Global Security & Rule of Law

Faced with the consequences of the rules and policies many States implemented in the aftermath of 9/11, it is important to address the question of how to effectively combat terrorism while preserving the achievements of international law.

Both history and contemporary experience have shown that whenever States are selective with regard to which rules of international law they observe, using subjective criteria such as effectiveness and opportunity, they open the door to more serious abuses that serve to erode the very foundations of the Rule of Law.

The Challenge

Laws and measures that were implemented to combat terrorism and preserve national security have had very serious repercussions for rights relating to physical integrity. This has led to an increase in the occurrence of torture, political imprisonment without due process, enforced disappearances and extrajudicial killings. In particular, the integrity of many detainees has been threatened, along with their right to be tried by an independent and impartial court of law.

States not only deviate from the Rule of Law during periods of armed conflict and states of emergency, but also in many other situations.

Counter-terrorism measures have also been found to have a negative impact upon the enjoyment of a number of other rights, including freedom of opinion and expression, the right of assembly and association and the right to privacy. Broad groups of people – especially immigrants, refugees, asylum-seekers, political opponents and minorities – have been affected by these measures.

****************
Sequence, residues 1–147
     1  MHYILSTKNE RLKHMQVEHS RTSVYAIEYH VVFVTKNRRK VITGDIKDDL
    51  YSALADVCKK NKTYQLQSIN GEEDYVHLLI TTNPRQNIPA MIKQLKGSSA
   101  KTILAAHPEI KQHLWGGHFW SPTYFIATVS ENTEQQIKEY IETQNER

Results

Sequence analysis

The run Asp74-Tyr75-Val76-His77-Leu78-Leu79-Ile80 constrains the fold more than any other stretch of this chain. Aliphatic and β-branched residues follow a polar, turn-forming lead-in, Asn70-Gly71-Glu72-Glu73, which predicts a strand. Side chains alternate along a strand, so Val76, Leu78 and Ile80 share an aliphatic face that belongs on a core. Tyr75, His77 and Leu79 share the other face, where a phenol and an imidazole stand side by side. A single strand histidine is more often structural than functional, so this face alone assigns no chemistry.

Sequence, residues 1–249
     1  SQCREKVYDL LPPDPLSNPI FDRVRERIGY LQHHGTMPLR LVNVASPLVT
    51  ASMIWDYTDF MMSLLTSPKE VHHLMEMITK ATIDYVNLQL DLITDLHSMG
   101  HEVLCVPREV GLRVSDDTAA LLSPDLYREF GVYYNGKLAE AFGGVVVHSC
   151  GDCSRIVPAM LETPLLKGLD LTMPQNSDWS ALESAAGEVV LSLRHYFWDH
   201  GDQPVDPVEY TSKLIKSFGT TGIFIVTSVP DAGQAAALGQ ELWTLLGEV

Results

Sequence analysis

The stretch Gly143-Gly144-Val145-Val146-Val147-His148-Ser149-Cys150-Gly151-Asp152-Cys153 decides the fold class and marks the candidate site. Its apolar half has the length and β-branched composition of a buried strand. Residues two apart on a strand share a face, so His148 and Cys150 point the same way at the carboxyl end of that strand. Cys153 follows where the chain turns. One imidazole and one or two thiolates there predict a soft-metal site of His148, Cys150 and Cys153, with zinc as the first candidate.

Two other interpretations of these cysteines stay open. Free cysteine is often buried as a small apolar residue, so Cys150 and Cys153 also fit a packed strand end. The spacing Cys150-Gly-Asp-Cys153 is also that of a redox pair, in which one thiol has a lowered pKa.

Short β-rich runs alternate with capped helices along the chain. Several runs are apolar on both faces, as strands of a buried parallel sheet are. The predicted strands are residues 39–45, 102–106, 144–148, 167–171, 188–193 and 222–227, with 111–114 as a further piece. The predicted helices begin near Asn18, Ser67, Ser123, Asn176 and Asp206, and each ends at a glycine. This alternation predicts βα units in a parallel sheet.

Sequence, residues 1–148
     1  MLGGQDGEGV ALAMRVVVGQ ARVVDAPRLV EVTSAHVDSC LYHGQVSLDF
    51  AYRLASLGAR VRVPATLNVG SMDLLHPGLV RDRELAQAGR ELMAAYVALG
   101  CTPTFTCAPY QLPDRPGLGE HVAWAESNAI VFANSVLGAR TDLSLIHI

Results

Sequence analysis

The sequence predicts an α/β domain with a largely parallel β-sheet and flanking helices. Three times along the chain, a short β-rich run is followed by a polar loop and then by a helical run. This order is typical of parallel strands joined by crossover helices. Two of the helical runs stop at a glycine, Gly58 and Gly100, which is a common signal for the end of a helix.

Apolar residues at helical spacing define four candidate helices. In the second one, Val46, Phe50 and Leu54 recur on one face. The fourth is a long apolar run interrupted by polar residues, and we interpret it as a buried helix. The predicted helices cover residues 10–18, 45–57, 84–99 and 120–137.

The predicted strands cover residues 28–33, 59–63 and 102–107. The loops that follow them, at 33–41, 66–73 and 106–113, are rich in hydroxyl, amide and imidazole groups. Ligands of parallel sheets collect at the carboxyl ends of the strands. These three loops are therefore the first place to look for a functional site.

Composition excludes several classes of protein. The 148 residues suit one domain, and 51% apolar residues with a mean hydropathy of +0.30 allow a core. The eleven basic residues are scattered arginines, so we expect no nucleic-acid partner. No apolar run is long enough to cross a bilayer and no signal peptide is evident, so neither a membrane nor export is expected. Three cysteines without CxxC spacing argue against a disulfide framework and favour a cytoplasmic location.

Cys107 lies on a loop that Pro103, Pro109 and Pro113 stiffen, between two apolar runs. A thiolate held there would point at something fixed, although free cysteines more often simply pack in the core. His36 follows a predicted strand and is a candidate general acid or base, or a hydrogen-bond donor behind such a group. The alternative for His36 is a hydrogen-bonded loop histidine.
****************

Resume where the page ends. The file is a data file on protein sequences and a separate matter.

The Consequence

The consequence has been a weakening of the principle of legality that, in turn, poses a significant challenge to the Rule of Law. Over recent years, the ICJ has observed the transformation of:

  • Basic criminal law, affecting the qualification of persons, the nature of offences and the scale of punishments;
  • Procedures affecting access to legal remedies and guarantees of a fair trial;
  • Standards of jurisdictional competence, with recourse to military tribunals, emergency courts or even non-judicial proceedings.

 The ICJ Approach

The Global Security and Rule of Law Programme opposes the erosion of the Rule of Law and the international framework that protects human rights. It does this by:

  • Supporting the development of counter-terrorism laws, policies and practices that respect international human rights and humanitarian law;
  • Seeking to persuade governments to incorporate international human rights standards into their decision-making when shaping counter-terrorism policies and responding to other national security measures and states of emergency;
  • Engaging in advocacy and submitting legal interventions to prevent, minimise and reverse the negative impact that arbitrary national security laws and policies have on the Rule of Law and human rights;
  • Monitoring developments relating to counter-terrorism and human rights and disseminating this information in monthly ICJ e-bulletins;
  • Monitoring and strategically intervening against violations of integrity rights around the world, especially rights associated with the right to life, torture, enforced disappearances, the death penalty, extrajudicial executions and the deprivation of liberty.